It was a day-long teach-in on our campus, part of a year-long collaboration and dialogue amongst environmental activists, scientists, native people, and people like me whose roots here only go back for four or five generations. It was a day to talk about environmental issues close to home, a day for grieving and for planning, a day to seek common ground as we discussed ways to heal our relationship with the land.
We began early in the morning, with people of all ages trailing into the auditorium one at a time, clutching cups of coffee or pieces for fruit. A young man disappeared into the men's room, and emerged in his traditional clothing, long fabric strings swaying from his chest and shoulders as he moved up the aisle and took his place at the microphone. In the tradition of the native people in this area, we began with the words that come before all else, words of thanksgiving. He gave thanks to the sun, the moon, the stars, thanks to the plants and creatures, thanks to the waters and the fish, thanks to the trees, the winds, and the thunderers. Thanksgiving was a common theme through the workshops and talking circles; over and over again, native elders kept stressing this need to be thankful.
PlantsWoman gave a talk about what ecologists call the restoration ecosystem, describing what this landscape looked like before Europeans settled here, when the land was managed by the native people who had lived here for thousands of years. After her careful descriptions of the plants and animals, we could just imagine the park-like forests, the meadows full of deer that the natives had formed through controlled burning, and the lake filled with fish and water clean enough to drink.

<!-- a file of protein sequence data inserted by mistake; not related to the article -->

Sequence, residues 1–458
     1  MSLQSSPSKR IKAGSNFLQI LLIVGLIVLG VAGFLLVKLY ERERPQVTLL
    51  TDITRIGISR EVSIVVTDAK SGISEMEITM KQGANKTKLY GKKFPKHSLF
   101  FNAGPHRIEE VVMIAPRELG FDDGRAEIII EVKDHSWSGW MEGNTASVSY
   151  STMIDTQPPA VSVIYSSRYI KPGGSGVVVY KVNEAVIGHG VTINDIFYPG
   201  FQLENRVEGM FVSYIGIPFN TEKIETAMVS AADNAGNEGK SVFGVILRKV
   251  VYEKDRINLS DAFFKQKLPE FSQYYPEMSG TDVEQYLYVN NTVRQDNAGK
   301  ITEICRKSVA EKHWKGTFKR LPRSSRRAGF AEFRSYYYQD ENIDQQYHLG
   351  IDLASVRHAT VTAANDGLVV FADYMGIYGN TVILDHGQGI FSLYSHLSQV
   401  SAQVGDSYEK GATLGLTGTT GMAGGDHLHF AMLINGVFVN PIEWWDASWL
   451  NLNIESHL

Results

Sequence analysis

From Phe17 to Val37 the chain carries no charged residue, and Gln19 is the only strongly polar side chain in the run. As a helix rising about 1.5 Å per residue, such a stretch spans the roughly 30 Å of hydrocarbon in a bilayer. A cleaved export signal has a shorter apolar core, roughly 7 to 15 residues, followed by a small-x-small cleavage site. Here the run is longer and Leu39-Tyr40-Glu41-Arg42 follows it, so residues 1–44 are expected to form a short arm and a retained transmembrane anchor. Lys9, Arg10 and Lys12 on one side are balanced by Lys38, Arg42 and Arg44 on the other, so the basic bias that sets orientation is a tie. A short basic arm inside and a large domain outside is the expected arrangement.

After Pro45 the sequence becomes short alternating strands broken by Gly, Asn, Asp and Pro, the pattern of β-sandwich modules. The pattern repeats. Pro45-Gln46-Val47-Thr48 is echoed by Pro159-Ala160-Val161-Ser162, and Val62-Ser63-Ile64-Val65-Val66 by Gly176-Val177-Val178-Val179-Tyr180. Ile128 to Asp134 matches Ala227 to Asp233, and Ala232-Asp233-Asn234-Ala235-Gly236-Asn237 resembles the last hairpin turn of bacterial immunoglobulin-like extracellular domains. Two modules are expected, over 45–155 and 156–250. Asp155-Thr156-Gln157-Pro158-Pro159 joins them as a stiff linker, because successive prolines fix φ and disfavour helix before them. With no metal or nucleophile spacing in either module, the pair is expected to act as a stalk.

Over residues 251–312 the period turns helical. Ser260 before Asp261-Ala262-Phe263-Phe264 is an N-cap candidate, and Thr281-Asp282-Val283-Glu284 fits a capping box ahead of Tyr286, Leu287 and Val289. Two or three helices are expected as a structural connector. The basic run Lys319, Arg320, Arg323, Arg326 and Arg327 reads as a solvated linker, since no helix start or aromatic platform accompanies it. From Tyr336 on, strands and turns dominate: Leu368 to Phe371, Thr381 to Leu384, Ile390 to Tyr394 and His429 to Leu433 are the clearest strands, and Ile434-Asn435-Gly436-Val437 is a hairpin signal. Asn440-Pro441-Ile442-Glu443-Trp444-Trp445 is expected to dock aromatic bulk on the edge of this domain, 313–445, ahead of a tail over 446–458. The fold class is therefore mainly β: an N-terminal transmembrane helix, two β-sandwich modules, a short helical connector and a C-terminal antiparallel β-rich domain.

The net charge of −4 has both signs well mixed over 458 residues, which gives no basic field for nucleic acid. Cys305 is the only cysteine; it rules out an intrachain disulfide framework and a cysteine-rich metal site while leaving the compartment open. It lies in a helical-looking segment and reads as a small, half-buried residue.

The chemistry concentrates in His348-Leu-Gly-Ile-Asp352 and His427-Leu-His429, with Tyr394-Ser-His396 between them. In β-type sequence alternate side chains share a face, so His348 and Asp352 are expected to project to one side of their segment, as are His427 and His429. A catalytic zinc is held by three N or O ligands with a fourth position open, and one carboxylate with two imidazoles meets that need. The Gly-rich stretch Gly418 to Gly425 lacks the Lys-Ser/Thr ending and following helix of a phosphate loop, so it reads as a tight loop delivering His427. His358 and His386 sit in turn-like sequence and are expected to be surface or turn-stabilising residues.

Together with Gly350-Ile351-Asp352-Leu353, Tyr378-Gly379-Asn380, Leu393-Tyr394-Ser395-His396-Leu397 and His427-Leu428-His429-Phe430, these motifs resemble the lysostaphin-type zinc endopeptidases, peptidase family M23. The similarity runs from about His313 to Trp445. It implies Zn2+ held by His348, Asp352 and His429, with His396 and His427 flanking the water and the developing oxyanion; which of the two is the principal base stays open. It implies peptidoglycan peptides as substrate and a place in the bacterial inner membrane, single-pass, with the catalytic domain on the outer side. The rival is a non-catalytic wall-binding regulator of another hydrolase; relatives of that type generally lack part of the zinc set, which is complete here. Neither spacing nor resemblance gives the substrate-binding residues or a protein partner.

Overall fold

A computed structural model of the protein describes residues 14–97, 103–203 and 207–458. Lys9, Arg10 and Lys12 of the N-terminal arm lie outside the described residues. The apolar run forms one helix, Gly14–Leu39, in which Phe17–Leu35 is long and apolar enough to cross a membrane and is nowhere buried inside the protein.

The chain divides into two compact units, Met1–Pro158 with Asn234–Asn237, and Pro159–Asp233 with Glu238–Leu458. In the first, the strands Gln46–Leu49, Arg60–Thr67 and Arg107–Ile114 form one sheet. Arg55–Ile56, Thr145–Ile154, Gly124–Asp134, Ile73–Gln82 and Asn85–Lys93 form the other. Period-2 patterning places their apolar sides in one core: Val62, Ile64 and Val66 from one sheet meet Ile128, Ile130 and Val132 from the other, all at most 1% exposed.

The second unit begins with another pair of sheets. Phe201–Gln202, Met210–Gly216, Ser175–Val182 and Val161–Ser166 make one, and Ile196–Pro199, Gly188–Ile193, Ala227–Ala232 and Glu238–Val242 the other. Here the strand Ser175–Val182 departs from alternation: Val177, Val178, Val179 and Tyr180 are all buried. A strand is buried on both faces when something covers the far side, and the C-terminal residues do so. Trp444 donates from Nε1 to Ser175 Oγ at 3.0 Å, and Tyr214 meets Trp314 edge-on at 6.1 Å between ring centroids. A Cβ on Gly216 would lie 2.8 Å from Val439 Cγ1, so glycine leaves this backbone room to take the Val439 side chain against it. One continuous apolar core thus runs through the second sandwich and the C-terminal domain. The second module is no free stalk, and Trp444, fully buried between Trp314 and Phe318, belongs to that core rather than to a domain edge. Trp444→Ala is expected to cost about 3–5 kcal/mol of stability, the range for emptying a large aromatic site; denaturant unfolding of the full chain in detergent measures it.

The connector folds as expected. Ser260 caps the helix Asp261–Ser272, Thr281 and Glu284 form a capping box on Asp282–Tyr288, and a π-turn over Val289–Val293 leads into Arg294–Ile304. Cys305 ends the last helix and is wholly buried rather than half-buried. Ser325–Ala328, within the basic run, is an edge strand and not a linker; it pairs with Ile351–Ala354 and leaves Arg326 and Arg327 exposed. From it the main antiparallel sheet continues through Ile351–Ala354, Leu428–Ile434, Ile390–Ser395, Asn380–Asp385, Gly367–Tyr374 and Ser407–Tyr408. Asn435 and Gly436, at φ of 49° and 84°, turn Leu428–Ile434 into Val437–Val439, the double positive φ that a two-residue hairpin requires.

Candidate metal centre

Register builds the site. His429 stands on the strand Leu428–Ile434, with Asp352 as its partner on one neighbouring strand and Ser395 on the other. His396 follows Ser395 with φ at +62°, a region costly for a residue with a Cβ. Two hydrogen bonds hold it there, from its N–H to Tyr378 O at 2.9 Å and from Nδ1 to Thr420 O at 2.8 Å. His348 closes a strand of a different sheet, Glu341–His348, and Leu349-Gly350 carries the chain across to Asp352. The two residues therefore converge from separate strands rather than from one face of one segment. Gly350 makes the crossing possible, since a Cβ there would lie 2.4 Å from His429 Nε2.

How difficult then, to end the day with scientists, lawyers, and native elders giving us the current facts about the lake that is now regarded as the most polluted lake in the country, with levels of toxins at such high levels that the data they read from the EPA documents seemed like the stuff of a horror movie. The lake, a body of water considered sacred by native people, was used as an industrial dumping ground in the late 1800s and early 1900s, and continues to act as a sewer for Snowstorm City. My father swam in the lake when he was a boy, but swimming was banned in 1940 as a health hazard. I have never swum in Polluted Sacred Lake, and my children never have either. In fact, when we drive by, they roll up the windows because they can't stand the smell.
A very recently announced plan to clean up Polluted Sacred Lake, a plan that came about as a result of litigation, seems to be little more than a token effort intended to appease the public. Rather than removing the toxins from the bottom of the lake, the plan calls for a cap to be installed. Caps have not been proven to work in the short term, and most certainly, a cap of any material that sits underneath water will not work in the long term. Eventually, it will erode and the toxins will leach into the lake. As one of the native elders said about the clean-up plan: "It is a cover-up that dumps the problem into the laps of our grandchildren."
At the very end of the day, a young man approached the microphone. He is the son of a chief, a young man whose relatives have lived here for thousands of years, a people so integrated into the landscape that the lake we were discussing bears their name. When asked, "What is a reasonable timeline for cleaning up the lake?" he said simply, "This is our home. We have always lived here. I live here, my children will live here, my grandchildren will live here. We are not leaving. We must clean up the lake, however long it takes." His father, when asked earlier in the day what he wanted for the lake, had said simply, "We want to be able to eat the fish, drink the water."
And yet, as we sat in the auditorium, looking at the depressing statistics about the toxins in the lake, it was hard to even imagine that any of our descendents would be able to even swim in the lake, no less drink the water that came from that lake. PlantsWoman and I looked at each other, and sighed. Then above the somber mood in the room, the young man began talking into the auditorium, low words in his hash-sounding native language, words that I recognized from that morning. Words of thanks.
The words that come before all else.